Photo; Turn 2 of lap 1.
I went to Weather Tech Raceway Laguna Seca with low expectations. When the race was announced as the season finale replacement for Sonoma, I thought it was just a lateral move. We would see the same processional race on another narrow track. The only similarity between the two is they are both in northern California. I was wrong on all counts. I was very impressed with the track. The racing was great. I was not anticipating any kind of decent crowd, but again I was pleasantly surprised.
Not since my first time at Road America have I been so impressed with a track at first glance. The top of the mountain was daunting as I entered the track grounds. My jaw dropped at my first glimpse of the Corkscrew. As massive as the track seems, it is really rather easy to navigate. The layout is actually quite simple. Walking to the top of the corkscrew is quite a hike. There is a path to walk down from there to turn 10. It’s an easier walk down than up.
There are several vantage points from which at least 80% of the track can be seen. From the top you can see all of the track except for turn 6 and part of the front stretch. I watched the race from the outside of turn 2. I could see up to turn 5, the run to turn 10, and a bit of turn 11.
Another difference from Sonoma is the greenery. Sonoma is green in the spring, but when Indycar came in September the scenery was brown. Laguna Seca has lots of evergreen trees and green grass.
I questioned the wisdom of the Indycar scheduling the finale at this track a week after the IMSA race. I thought for sure it would hurt attendance. It was a pleasant surprise to see a good crowd there. I talked to several local fans. One fan told me he had attended every Indycar race at the track and was very happy the series had returned. Several fans were wearing vintage shirts.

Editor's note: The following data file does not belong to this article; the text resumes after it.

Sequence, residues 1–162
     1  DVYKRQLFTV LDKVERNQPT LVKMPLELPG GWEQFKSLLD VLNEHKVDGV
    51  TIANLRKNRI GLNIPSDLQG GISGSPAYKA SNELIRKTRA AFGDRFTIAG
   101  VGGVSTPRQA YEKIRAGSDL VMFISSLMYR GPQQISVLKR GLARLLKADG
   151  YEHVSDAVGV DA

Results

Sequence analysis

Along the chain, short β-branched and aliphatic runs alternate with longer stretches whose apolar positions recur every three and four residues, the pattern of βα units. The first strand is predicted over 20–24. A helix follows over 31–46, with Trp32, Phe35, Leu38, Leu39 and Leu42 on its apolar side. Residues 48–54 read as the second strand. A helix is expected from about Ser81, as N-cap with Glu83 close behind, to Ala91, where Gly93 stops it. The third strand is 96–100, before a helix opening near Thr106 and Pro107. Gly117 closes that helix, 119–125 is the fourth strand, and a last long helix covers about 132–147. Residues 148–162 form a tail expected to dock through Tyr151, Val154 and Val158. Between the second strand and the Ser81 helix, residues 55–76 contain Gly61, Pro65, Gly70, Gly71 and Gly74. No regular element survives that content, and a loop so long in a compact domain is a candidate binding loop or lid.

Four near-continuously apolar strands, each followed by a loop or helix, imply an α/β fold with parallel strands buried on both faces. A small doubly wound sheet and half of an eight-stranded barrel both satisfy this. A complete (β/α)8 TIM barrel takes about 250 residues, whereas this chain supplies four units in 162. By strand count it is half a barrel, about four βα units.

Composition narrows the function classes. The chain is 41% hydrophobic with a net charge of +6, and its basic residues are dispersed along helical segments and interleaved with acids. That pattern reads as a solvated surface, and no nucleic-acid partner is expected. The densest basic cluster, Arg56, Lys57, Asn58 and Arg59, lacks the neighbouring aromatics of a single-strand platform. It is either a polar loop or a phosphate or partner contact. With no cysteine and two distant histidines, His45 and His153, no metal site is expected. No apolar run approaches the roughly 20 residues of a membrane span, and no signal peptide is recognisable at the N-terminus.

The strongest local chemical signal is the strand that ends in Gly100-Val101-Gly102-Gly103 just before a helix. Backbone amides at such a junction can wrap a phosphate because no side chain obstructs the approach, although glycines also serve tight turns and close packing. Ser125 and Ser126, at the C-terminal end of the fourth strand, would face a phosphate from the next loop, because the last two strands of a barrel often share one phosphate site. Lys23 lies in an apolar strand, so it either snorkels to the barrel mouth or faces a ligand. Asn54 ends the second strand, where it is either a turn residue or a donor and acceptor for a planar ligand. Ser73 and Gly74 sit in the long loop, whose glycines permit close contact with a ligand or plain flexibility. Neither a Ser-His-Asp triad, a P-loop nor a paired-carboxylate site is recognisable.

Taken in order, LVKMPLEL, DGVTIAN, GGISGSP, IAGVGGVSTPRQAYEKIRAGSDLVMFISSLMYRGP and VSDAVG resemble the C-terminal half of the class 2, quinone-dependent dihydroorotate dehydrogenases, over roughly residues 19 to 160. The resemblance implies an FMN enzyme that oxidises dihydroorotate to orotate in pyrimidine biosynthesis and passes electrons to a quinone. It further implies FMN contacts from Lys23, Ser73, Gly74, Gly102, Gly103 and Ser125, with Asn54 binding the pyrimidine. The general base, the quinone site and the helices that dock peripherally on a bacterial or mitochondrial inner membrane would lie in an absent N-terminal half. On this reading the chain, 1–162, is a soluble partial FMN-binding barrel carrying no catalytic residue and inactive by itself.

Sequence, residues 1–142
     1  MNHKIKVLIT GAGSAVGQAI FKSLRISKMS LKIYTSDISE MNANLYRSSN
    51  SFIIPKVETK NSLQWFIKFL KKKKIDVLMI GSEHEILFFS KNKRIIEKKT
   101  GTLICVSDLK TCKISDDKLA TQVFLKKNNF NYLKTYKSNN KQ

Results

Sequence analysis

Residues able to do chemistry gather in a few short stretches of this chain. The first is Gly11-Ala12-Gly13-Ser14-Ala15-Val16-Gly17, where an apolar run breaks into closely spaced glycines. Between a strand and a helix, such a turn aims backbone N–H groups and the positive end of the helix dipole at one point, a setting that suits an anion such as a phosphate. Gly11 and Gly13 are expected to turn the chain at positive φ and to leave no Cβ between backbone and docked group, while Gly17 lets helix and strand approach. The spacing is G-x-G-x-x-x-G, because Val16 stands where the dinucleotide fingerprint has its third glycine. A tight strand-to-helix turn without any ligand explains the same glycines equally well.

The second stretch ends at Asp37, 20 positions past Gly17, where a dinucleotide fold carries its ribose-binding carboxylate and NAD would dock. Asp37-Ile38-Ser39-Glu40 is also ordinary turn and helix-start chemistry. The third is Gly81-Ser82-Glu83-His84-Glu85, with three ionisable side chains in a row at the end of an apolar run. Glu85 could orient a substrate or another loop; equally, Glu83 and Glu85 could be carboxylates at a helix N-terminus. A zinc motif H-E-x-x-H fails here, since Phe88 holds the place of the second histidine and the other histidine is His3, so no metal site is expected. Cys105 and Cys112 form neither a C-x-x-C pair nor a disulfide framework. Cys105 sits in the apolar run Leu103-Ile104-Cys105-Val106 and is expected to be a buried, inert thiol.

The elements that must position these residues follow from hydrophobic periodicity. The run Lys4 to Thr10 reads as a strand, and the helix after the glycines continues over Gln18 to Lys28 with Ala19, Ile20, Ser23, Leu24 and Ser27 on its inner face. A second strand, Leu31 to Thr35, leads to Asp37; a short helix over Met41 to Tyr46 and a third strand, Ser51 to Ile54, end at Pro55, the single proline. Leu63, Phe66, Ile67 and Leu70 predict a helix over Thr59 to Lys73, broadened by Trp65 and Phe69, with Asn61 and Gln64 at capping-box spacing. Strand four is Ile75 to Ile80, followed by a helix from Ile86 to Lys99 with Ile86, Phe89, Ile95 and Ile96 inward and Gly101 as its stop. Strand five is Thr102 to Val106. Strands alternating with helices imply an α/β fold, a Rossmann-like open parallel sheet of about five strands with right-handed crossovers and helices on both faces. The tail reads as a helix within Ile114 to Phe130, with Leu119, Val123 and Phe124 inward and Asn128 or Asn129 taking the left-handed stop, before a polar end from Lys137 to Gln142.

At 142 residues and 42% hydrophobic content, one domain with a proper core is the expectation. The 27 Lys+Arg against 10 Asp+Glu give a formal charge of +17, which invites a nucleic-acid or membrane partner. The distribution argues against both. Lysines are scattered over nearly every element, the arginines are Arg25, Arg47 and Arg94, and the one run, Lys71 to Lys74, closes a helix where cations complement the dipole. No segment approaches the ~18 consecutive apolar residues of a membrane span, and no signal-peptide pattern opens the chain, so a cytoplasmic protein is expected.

A younger couple in the RV camping area told me when they called to reserve a spot the first day tickets went on sale, they each called on their own phones and were on the phone for three hours before one of them got through.
I have seen estimates of 25,000 on race day. I believe that is a credible number. So many fans are hidden from view at the Corkscrew, that it is difficult to gauge the size of the crowd. Sunday’s attendance is a good baseline to grow this event from.
I was expecting Sonoma 2.0, a race where position changes came about because of pit strategy. Fortunately, it was a good race with challenges for the lead all day, passing through the field, and fights for position in the top ten. Felix Rosenqvist and Sebastien Bourdais carved their way into the top ten from mid-pack. Colton Herta had his hands full holding off Scott Dixon after pit stops.
The brief yellow in the middle of a stint didn’t allow for pitting, which kept the caution shorter. I hope this yellow period can serve as a model for the future, where the caution time isn’t extended to allow drivers to pit. I’ve always thought cars should pit under caution at the risk of the green coming back out at any time. IMSA has short yellows. It is something I’d like to see Indycar adopt as well.
It’s Still Not the Finale I’d Like to See
While the Firestone Grand Prix of Monterey was a major improvement over the recent finales at Sonoma, I would still prefer the NTT Indycar series end its season on an oval and without double points. An oval provides more chances for drivers behind in the standings to overtake the points leader. If a driver is far enough behind that their only chance to win the title is to dominate a double points race, he or she likely doesn’t deserve the championship.
I’ll be back next week with a full season review and coverage of the aeroscreen test at IMS.